There will undoubtedly be changes to Hamby’s budget as the commission moves towards a vote, but it’s his plan, not Girtz’s, that will probably serve as the starting point for commission discussion going forward.

The commission shifted rightward after redistricting last year, bringing a new coalition of commissioners to the fore. Commissioners Allison Wright, Ovita Thornton, Dexter Fisher and John Culpepper will probably support some variation on Hamby’s proposal, and if so, they would need only one more vote to seal the deal.

Alternatively, the remaining five commissioners – Commissioners Patrick Davenport, Melissa Link, Tiffany Taylor, Jesse Houle and Carol Myers – may band together to create a different proposal. If this happens, they’d probably get the nod from Girtz, who retains a tie-breaking vote in case commissioners are split 5-5. This progressive budget plan is already in the works, and is likely to pass if Hamby can’t win the six votes he needs.

Other commissioners’ priorities

Thornton was absent at Thursday’s meeting, grieving the recent loss of her husband. Wright took over as acting Mayor Pro Tem and facilitated the meeting. Other commissioners listed their budget priorities as follows:

Commissioner Patrick Davenport

Davenport spoke up for ACC employees at Thursday’s meeting. He wants to provide an additional 1% raise to help them cope with the effects of high inflation. He also wants to raise tipping fees at the ACC landfill, beyond the $10 boost already in the budget, to better extend the landfill’s lifespan. Lastly, Davenport agreed with Hamby that the local government should completely shoulder this year’s increase in healthcare costs at a minimum and not pass those costs along to employees.

Davenport told APN that he is unwilling to “sacrifice services for the rich,” indicating that he is unlikely to support Hamby’s proposal as is.

Commissioner Melissa Link

Several people made requests during public comment on Tuesday for better funding for public events such as the Wild Rumpus. Link spoke up for this idea, and said she also wants to add a new Judicial AV Administrator position as requested by court officials.

Commissioner Tiffany Taylor

Taylor supports Hamby’s idea to increase funding for neighborhood traffic management. She also wants to see funding in this year’s budget for streetlights and the Center for Racial Justice and Black Futures, an idea to come out of the Athens Justice and Memory Project.

Dexter Fisher

Fisher has three priorities, all of which have been included in Hamby’s proposal. These are additional funding for the Athens Tutorial program and the Athens Community Council on Aging, and a freeze to ACC employee healthcare costs.

Commissioner Jesse Houle

Houle listed a large number of priorities at Thursday’s meeting, implying that they would not be supporting Hamby’s proposal. Houle wants to limit the property tax decrease to 0.1 mils while boosting wages and benefits for ACC employees. For example, in Houle’s plan the cost of healthcare is reduced, employees would get an extra 1% raise and the hourly wage floor would be increased to $16.07. Going further, Houle wants to fund the Center for Racial Justice and Black Futures, the Judicial AV Administrator Position and community events like the Wild Rumpus, while also raising the landfill tipping fee and providing $800,000 for live stream pipe replacement.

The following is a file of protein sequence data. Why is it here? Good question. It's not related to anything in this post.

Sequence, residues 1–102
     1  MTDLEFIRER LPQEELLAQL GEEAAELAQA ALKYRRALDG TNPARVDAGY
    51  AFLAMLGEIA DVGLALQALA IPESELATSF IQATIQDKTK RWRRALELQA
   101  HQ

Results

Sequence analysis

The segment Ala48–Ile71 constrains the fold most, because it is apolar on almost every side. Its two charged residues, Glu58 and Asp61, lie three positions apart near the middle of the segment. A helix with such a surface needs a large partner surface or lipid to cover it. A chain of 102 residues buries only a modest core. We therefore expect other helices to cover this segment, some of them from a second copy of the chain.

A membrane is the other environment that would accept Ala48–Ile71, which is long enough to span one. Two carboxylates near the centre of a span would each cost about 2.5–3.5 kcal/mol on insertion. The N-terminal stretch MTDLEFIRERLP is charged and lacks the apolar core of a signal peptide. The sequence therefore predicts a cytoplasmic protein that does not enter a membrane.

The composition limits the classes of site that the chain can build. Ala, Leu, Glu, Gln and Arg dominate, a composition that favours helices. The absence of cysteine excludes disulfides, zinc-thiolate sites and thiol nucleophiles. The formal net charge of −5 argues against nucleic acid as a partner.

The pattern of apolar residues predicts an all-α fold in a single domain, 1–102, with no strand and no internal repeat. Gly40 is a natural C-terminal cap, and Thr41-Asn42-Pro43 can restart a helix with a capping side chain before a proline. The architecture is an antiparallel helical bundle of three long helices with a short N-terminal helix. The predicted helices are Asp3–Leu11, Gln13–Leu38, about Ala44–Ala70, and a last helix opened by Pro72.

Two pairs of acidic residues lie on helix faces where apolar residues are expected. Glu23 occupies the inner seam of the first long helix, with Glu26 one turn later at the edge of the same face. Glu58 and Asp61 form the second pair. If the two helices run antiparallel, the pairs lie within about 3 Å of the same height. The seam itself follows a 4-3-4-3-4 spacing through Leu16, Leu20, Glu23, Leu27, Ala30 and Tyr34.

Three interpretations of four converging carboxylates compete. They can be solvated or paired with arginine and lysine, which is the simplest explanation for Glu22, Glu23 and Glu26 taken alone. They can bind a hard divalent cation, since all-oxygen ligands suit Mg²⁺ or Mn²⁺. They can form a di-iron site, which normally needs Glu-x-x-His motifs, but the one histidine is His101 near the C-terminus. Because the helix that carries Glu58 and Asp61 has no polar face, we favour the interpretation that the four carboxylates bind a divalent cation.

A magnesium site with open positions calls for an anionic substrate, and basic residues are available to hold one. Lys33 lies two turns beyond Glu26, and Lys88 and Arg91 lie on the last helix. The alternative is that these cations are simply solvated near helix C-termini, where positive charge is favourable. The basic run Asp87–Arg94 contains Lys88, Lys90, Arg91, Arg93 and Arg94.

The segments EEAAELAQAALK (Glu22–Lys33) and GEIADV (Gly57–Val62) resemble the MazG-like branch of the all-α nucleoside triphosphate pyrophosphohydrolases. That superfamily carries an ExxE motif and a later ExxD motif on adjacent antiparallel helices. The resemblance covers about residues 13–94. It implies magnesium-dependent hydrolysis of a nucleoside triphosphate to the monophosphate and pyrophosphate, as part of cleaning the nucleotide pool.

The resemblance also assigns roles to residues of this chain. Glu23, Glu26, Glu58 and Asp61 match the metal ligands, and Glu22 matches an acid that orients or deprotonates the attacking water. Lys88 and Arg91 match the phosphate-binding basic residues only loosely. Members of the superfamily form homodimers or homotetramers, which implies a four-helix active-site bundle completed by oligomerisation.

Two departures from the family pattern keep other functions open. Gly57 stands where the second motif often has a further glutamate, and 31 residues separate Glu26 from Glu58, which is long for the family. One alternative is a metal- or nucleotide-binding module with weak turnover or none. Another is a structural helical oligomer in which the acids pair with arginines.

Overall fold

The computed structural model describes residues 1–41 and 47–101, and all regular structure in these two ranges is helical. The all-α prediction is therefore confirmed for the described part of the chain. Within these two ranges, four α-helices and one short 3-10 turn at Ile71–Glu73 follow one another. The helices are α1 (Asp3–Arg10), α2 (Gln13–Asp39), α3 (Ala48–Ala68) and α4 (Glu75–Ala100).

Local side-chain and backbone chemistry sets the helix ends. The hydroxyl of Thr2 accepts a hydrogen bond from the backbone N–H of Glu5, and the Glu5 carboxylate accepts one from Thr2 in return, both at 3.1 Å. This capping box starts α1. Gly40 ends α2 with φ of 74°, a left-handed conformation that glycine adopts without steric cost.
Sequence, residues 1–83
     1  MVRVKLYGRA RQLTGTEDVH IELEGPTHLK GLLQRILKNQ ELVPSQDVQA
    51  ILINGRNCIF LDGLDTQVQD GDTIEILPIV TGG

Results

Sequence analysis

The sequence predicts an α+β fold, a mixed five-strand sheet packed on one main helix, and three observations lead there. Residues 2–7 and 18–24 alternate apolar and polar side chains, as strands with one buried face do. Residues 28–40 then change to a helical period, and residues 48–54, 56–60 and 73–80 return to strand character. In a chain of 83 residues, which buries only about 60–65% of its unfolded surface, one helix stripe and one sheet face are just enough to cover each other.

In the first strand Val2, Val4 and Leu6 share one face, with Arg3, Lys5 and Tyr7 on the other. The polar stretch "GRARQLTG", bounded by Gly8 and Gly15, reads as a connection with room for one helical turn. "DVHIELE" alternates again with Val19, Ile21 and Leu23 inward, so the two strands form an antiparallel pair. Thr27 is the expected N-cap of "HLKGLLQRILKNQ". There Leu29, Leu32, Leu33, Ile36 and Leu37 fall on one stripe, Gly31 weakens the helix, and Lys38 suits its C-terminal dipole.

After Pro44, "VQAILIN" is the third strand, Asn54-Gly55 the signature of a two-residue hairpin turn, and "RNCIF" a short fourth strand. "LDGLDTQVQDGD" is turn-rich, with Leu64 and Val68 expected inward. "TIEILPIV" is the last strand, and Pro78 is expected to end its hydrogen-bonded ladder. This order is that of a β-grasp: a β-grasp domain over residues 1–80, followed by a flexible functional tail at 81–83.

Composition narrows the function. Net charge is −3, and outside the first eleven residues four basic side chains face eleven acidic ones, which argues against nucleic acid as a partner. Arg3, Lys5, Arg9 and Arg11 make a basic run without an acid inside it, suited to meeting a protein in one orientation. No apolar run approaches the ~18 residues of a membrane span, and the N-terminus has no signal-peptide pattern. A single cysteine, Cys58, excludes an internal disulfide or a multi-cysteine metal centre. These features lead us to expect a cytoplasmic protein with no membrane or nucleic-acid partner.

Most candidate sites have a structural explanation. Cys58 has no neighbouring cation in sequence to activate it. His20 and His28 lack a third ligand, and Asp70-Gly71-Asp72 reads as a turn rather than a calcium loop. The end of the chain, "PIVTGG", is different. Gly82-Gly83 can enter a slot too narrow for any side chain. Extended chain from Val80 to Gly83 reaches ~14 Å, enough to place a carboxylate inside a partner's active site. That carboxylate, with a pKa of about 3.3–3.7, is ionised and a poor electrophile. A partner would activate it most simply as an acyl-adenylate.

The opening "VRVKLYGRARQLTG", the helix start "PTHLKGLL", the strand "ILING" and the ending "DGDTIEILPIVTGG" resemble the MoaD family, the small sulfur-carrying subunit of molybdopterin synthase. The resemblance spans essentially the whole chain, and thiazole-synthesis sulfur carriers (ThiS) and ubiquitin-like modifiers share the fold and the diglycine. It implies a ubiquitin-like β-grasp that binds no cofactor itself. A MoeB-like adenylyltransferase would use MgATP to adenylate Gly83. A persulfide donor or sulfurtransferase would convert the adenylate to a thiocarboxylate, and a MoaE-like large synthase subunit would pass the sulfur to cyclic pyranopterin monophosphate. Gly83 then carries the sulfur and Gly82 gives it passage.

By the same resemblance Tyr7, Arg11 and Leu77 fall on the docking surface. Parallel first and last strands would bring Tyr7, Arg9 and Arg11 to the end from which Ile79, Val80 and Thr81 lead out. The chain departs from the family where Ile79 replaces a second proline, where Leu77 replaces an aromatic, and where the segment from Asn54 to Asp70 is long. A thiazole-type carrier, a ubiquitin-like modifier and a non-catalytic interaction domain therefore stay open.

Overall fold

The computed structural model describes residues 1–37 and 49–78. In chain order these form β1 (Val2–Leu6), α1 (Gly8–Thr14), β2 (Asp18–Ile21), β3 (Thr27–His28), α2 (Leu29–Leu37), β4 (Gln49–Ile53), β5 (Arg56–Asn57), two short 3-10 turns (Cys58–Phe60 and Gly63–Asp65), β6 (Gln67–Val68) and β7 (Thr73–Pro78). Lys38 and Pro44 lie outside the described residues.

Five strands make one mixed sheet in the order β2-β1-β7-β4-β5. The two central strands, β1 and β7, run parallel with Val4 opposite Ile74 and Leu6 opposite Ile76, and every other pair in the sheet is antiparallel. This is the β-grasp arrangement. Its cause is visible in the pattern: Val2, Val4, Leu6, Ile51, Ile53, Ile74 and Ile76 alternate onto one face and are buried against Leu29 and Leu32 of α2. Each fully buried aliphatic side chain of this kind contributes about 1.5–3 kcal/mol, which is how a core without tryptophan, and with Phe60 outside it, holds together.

Houle is working on a alternate budget proposal to compete with Hamby’s plan.

Commissioner John Culpepper

Culpepper didn’t list anything that he was interested in beyond what is already in Hamby’s proposal. Rather, he spent his time questioning staff about SPLOST revenues, wondering if they could be reallocated towards infrastructure needs and other government essentials so that property taxes could be lowered. 

However, SPLOST revenues must be spent on projects approved by the voters. There probably isn’t as much flexibility here as Culpepper would like.

Commissioner Carol Myers

Myers mentioned some priorities that would be difficult to include in Hamby’s proposal while maintaining a large property tax cut. She wants to reduce ACC employee healthcare expenses, provide an extra 1% raise, increase the wage floor to $16.07, restore the vehicle maintenance fund, improve wages at the ACC Library and also to fund the Center for Racial Justice and Black Futures.

Next Steps

As acting Mayor Pro Tem, Wright called for a meeting on Tuesday, May 23 at 5:30 pm so commissioners could hash out their disagreements before the final vote on June 6.

At this point, the primary task for those supporting Hamby’s plan seems to be finding a way to include the Center for Racial Justice and Black Futures while maintaining a large tax cut. Doing so may help them win Taylor’s vote while keeping Culpepper’s vote, thereby reaching the six commissioner threshold.

But don’t count out the progressive bloc just yet! With Girtz as the tiebreaker, they may be able to pass their own budget proposal with only five commissioners in support. To do so, they’ll also need Taylor’s vote, a fact which gives her quite a bit of power over the final proposal.

The Athens-Clarke County Unified Government’s fiscal year 2024 budget will take effect on July 1, 2023.